By Robert Zeglinski
BOURBONNAIS – In 2014, Cody Parkey was on top of the world. As a rookie kicker for the Eagles he broke the NFL all-time rookie scoring record with 150 points and looked like he was on his way towards morphing into one of the league’s best kickers.
He had the confidence. He had the leg. And he had an organization that believed in him. Early on in the following season, Parkey injured his groin and was subsequently released not soon after. The memories of his success having decisively faded away.
The mind and life of a kicker in this game can turn on a dime.
For the next year, Parkey struggled to find a footing with another team. When you’re a kicker that’s gone out of favor in coaching circles, you’re an afterthought. Someone has to give you a chance more than you reaching out. It can be lonely and harrowing.
That someone for Parkey was Bears special teams coordinator Chris Tabor, who, before joining Chicago, was the longtime head specialists man for the Cleveland Browns. In 2016 with the Browns needing a kicker after an ironic injury to their starter, Tabor tabbed Parkey as his replacement. That decision was the baseline for Parkey to have renewed faith in the player he can be.
“He gave me a shot in Cleveland,” Parkey told me. “And I wanted to work with him again.”
You don’t often hear special teams coordinators outright praised like that save for the selective greats. The special teams fraternity is a quirky bunch and one that’s very different from the main offensive and defensive sides of the ball. There’s only so much these coaches can do and only so many plays they can use to impact the game.
But Tabor means everything to Parkey because Tabor’s the one that allowed him to climb back into the NFL. He’s the person that believed the Parkey of 2014 was still there when everyone else didn’t. He’s the person who extended a hand to Parkey’s career when everyone else scoffed and crossed their arms at the thought.
“He just believed in me. He could’ve easily gotten someone else,” Parkey said. “He trusted me enough to come in there (Cleveland) and here (Chicago) and dial it up for him. For that, I’m very blessed and thankful.”
What prompted Tabor to bring Parkey with him to Chicago this time around wasn’t merely familiarity. It was renewed ability The Bears needed a reliable kicker to help salvage points when their hopeful high-powered offense under Matt Nagy can’t punch it in. The Parkey of old starting to peek through the cracks with the Dolphins last season was clearly the man for the job.
In 2017, Parkey attempted 23 field goals for Miami. He only missed two of them: a 91.3 make percentage good for seventh in the NFL. In the clutch, Parkey made three game-winners for the Dolphins, two of them in the closing minutes against the Los Angeles Chargers and New York Jets.
While he didn’t receive the same volume of opportunities as he did years earlier in Philadelphia, Parkey made every play count. When the bell rang, he was ready. He was again one of the best and most accurate kickers in football. His redemption was complete.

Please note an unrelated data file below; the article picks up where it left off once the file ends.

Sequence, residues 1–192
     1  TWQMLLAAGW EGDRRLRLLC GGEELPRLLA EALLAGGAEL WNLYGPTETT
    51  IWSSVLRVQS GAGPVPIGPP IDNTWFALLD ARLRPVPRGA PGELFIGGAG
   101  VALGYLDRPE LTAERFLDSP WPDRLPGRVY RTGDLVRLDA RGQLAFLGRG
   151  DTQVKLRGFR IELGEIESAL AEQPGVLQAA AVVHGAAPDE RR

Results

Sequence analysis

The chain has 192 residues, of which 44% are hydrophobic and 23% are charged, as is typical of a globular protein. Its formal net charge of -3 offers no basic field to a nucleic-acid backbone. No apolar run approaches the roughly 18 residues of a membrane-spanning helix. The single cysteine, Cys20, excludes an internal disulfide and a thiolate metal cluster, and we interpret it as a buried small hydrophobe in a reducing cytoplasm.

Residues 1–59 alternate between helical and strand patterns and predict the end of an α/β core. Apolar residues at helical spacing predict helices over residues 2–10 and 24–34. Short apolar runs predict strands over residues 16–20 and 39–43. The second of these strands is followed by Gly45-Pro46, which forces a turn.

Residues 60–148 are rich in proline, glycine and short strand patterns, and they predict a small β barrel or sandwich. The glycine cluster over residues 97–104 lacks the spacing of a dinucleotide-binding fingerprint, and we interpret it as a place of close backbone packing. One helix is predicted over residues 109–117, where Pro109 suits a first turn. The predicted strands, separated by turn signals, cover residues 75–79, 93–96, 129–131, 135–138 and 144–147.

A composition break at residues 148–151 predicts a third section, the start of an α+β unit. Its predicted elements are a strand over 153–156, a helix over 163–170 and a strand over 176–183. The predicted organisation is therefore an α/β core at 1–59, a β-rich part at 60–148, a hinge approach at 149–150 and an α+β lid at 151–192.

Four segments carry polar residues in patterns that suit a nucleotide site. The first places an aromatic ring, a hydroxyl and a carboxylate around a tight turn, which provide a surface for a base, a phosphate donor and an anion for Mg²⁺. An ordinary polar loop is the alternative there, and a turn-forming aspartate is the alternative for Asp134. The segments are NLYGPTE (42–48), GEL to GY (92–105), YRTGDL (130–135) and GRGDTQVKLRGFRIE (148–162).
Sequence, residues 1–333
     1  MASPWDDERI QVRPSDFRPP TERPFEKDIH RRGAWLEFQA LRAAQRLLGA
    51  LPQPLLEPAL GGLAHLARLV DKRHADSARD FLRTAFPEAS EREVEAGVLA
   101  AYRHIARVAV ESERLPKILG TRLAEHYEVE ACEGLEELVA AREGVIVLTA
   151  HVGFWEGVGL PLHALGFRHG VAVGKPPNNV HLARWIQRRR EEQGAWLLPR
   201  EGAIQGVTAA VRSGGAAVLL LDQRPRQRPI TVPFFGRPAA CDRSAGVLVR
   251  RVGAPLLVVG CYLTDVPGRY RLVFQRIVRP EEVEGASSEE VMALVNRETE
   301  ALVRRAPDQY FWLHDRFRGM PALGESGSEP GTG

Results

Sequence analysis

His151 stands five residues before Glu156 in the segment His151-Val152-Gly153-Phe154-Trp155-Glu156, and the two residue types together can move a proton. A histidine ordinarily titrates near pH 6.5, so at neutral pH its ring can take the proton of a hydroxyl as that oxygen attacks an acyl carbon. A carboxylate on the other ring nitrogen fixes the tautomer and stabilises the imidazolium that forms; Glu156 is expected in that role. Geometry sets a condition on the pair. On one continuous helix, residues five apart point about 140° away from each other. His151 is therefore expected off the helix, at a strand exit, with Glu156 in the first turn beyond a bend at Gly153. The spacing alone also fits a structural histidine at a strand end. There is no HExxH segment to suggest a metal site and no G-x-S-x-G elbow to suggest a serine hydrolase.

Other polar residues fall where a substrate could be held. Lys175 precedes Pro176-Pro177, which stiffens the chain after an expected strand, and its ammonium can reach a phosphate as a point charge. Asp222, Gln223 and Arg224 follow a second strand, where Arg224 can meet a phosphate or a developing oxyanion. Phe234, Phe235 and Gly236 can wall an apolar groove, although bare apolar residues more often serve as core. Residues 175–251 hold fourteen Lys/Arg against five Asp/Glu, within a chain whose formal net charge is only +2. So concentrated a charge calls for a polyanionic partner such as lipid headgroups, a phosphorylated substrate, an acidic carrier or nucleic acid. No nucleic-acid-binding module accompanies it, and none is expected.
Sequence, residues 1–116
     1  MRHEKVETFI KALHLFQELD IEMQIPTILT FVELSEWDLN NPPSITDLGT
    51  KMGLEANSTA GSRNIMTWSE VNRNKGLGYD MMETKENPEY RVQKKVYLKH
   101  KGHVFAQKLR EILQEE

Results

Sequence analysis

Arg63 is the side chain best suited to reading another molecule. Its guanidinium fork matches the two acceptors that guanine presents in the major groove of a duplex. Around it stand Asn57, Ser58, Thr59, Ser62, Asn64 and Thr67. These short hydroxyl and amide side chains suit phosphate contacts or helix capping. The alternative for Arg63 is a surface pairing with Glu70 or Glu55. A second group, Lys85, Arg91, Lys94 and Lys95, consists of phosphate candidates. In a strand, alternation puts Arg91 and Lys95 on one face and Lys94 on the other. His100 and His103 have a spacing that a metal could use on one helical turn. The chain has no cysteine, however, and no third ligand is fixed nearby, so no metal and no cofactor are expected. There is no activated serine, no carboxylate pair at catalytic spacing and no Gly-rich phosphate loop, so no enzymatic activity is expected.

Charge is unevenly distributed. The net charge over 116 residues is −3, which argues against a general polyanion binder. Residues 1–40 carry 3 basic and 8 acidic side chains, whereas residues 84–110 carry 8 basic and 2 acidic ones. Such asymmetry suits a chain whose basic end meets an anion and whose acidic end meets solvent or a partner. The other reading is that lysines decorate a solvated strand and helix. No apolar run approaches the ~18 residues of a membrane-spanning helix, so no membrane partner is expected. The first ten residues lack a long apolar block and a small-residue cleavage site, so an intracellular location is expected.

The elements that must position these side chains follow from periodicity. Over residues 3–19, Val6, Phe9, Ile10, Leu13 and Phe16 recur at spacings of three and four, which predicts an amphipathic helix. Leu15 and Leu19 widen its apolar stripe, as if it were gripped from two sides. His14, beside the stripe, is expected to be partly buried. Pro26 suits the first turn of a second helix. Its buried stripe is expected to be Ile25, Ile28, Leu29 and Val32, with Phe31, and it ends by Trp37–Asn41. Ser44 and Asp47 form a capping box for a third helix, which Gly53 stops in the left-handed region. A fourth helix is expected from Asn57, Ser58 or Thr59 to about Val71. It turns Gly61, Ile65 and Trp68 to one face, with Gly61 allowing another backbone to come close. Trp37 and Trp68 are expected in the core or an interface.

It’s these moments that he can’t help but be satisfied.
“It’s refreshing to look back and realize it all worked out,” said Parkey, reflecting on his comeback. “It was refreshing,” he emphasized.
Any time you’re attempting to be the next Robbie Gould, a kicker the Bears have struggled to adequately replace since 2016, you’re going to run into issues. Because kickers like Gould only come around once in a blue moon. Gould, the Bears’ all-time leading scorer, set a “Gould” standard at the position and was often the best offensive weapon not named Matt Forte or Devin Hester for Lovie Smith’s defensive Bears teams.
Gould was a team favorite. He was a fan favorite. And he’s arguably the greatest kicker in Bears history. That’s a lot to live up to.
This early in the summer, Parkey isn’t going to feel the pressure of finally filling the void for the Bears after their legendary kicker. Simulated situations with no defense can’t compare to 60,000-plus people watching your leg in bated anticipation.
But when the lights come on, and particularly when the Bears are playing at home at Soldier Field, the microscope will be on Parkey. Every time he makes a kick there’ll be no complaints. Every time he misses a kick he’s going to be relentlessly scrutinized. Every kicker gets this same treatment, but Parkey’s will be exacerbated especially after a lucrative four-year, $15 million dollar deal signed in the off-season. Because after Gould, there’s a high bar to clear for satisfaction in Chicago, and a tremendously low bar for disappointment.
Parkey isn’t concerned with the coming scrutiny. He understands why Gould is revered. He knows he has a lot of work to do to become the consistent kicker the Bears have been missing for awhile now.
“He was a great kicker here. He earned his right to have his name brought up every time there’s a new kicker here,” said Parkey. “There’s no doubt about that.”
Ultimately, Parkey isn’t concerned with comparing himself to Gould. That’s a fruitless endeavor. He’s focused on making his own special legacy with the Bears.
“There’s no pressure here,” Parkey reiterated. “I’m not Robbie, I’m Cody, and I’m just going to go out there and play my ball.” R.
Robert is your guy for all things Bears. He’ll be with the team all through training camp. Find him on Twitter @RobertZeglinski.